ASIL Signature Topics

 
The Signature Topics Initiative was launched in 2018 to focus the Society’s resources, talent, and expertise on particular areas of international law of pressing concern to the members. Past Signature Topics have included:

The Society’s Program Committee invites members to propose ideas for a new signature topic. They may address any international law topic, in any field, so long as it conforms to the Society’s non-advocacy policy.

Activities furthering discussion, research, and scholarship on the selected topics will be coordinated with the Program Committee, AJIL Board of Editors, Interest Group co-chairs, cooperating organizations, and other partners as relevant. Such activities might include reports with recommendations, articles, and symposia, including the American Journal of International Law, AJIL Unbound, or ASIL Insights; public education panels; podcasts and webinars; roundtables; co-sponsored events; Annual and Midyear Meeting sessions; and other activities that might be proposed.

ASIL members interested in proposing a topic for consideration should complete the form below and attach their proposal, which should be drafted in compliance with the “Signature Topics Proposal Instructions” (instructions below). The deadline for submissions is January 31, 2022. Questions about submissions for review can be directed to submissions@asil.org.

 

 

 

Please limit your proposal summary to 250 words.
 

Please attach full proposal here. PDF or Word documents only.
 

A proposal for a signature topic should, if possible, address cross-cutting issues that are of interest to multiple constituencies within ASIL. Co-authored proposals are welcome. Proposals should be no more than 2000 words in length. Such proposals should address some or all of the following elements:

A proposal for a signature topic should, if possible, address cross-cutting issues that are of interest to multiple constituencies within ASIL. Co-authored proposals are welcome. Proposals should be no more than 2000 words in length. Such proposals should address some or all of the following elements:

  1. Importance. Indicate why this topic is of such significance today to the field of international law that ASIL should focus a wide range of ASIL programs on it as a signature topic.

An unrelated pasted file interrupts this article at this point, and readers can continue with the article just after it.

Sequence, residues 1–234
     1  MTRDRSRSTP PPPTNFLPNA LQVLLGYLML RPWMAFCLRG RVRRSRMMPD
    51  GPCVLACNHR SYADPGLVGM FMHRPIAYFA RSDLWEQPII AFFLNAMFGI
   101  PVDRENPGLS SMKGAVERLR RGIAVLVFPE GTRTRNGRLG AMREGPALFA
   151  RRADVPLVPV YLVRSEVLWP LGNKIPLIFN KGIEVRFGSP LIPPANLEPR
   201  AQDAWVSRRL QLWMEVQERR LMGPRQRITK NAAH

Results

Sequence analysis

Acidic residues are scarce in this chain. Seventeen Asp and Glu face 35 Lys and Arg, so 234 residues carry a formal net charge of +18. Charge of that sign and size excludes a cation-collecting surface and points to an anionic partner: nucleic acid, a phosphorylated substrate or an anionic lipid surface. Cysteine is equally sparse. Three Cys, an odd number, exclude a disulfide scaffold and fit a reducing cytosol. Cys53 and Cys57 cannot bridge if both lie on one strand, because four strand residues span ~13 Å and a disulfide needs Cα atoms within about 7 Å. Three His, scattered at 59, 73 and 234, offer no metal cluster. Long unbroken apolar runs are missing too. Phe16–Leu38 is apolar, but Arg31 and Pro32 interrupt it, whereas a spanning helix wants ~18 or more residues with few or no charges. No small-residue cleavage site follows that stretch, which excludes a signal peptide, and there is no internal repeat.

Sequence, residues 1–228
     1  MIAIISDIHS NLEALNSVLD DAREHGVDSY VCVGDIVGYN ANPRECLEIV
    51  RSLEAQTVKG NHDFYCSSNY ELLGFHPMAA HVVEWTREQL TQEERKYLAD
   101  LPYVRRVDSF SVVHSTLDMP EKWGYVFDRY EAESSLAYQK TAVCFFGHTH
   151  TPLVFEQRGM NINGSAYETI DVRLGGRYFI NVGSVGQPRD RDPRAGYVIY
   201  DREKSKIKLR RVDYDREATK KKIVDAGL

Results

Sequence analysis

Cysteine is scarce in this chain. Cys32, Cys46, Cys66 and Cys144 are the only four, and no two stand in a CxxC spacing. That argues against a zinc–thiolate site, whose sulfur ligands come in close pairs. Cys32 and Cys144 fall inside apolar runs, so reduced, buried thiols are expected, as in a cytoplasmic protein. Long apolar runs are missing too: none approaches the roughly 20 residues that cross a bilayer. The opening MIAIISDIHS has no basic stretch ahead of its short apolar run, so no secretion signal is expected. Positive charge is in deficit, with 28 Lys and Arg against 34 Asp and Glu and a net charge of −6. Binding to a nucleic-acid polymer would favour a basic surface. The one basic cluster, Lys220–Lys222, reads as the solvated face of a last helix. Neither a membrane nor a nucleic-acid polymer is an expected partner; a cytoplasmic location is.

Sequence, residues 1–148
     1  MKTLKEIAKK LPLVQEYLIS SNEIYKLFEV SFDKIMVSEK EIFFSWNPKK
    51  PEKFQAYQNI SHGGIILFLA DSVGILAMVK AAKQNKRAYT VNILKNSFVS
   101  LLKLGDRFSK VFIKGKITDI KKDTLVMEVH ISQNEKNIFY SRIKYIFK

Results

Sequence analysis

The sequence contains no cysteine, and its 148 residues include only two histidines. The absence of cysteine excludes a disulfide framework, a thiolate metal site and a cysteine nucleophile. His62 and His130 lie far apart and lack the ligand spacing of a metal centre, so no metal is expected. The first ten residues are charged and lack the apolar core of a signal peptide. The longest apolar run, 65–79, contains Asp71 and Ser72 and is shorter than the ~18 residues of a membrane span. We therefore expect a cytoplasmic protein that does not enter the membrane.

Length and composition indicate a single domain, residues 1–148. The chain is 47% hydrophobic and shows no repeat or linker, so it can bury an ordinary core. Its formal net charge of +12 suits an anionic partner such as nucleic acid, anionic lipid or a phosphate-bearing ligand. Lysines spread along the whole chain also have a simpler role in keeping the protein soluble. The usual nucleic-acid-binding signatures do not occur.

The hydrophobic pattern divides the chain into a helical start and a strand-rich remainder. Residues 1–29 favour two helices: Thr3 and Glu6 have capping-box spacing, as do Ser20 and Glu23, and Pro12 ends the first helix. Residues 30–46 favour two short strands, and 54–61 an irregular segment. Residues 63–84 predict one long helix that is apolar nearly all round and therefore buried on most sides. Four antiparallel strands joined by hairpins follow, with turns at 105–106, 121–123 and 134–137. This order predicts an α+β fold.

2. Value Added and Concrete Objectives. Explain how ASIL could provide "value added" by contributing to public understanding of the issues in a non-partisan manner. The proposal should also identify the specific goals it wishes to accomplish (seminars, workshops, reports, webinar series, publications, etc.).
  3. Existing ASIL Programs. Identify existing ASIL entities that could be encouraged to pursue work on this topic. For example, indicate interest groups that might wish to organize events related to the topic. Identify potential linkages with the annual meeting or the midyear meeting.
  4. Engagement with current ASIL Interest Groups. Proposals submitted with explicit support from ASIL Interests Groups, whose co-chairs are willing to contribute programmatic, publication, and research support to the proposed signature topic, will be considered favorably.
  5. Existing ASIL Publications. Perhaps suggest sub-topics that could be the focus of one or more of ASIL's publications (such as a symposium in AJIL or AJIL Unbound).
  6. Future ASIL Programs. Discuss whether it might be advisable to create a new programmatic entity, such as: a task force (short-term, likely leading to a report with recommendations); a study panel (longer-term, potentially leading to a book-length project); or roundtable (bringing together different constituencies for focused discussions). To the extent feasible, for any new initiative that may involve significant costs, provide a rough estimate of expected costs and identify potential sources of funds to support the initiative.
  7. Webcasts/podcasts.  ASIL has become increasingly active in pursuing delivery of content over the Internet. Indicate the issues/sub-topics that might be appropriate for webcasts/podcasts on this topic. 
  8. Persons Who Might Serve as a Steering Committee.  Identify specific individuals who would be willing to serve as the steering committee for the topic. These individuals must be diverse across practice areas, perspectives, and gender and ethnicity. All proposed individuals must be Society members or willing to join for the duration of the topic.
  9. Organizations That Might Participate. Identify organizations with whom ASIL could potentially collaborate in working on the topic. Such organizations might include other non-profit organizations, inter-governmental organizations, international law or other societies from outside the United States, ASIL academic partners or law firm partners, or perhaps donor organizations who might contribute funds to support work on the topic.
  10. Prior Work on the Topic. Identify recently published books, articles, studies or other materials that have made important contributions related to the topic.
  11. Final Work Product: Identify the anticipated final cohesive product of the Signature Topic. The Society is seeking topics that will produce content that can be used going forward by its members. Ideally, there will be a coordinated final project or product of some kind from the topic, whether that is a conference, a report, a book, or some other specific result.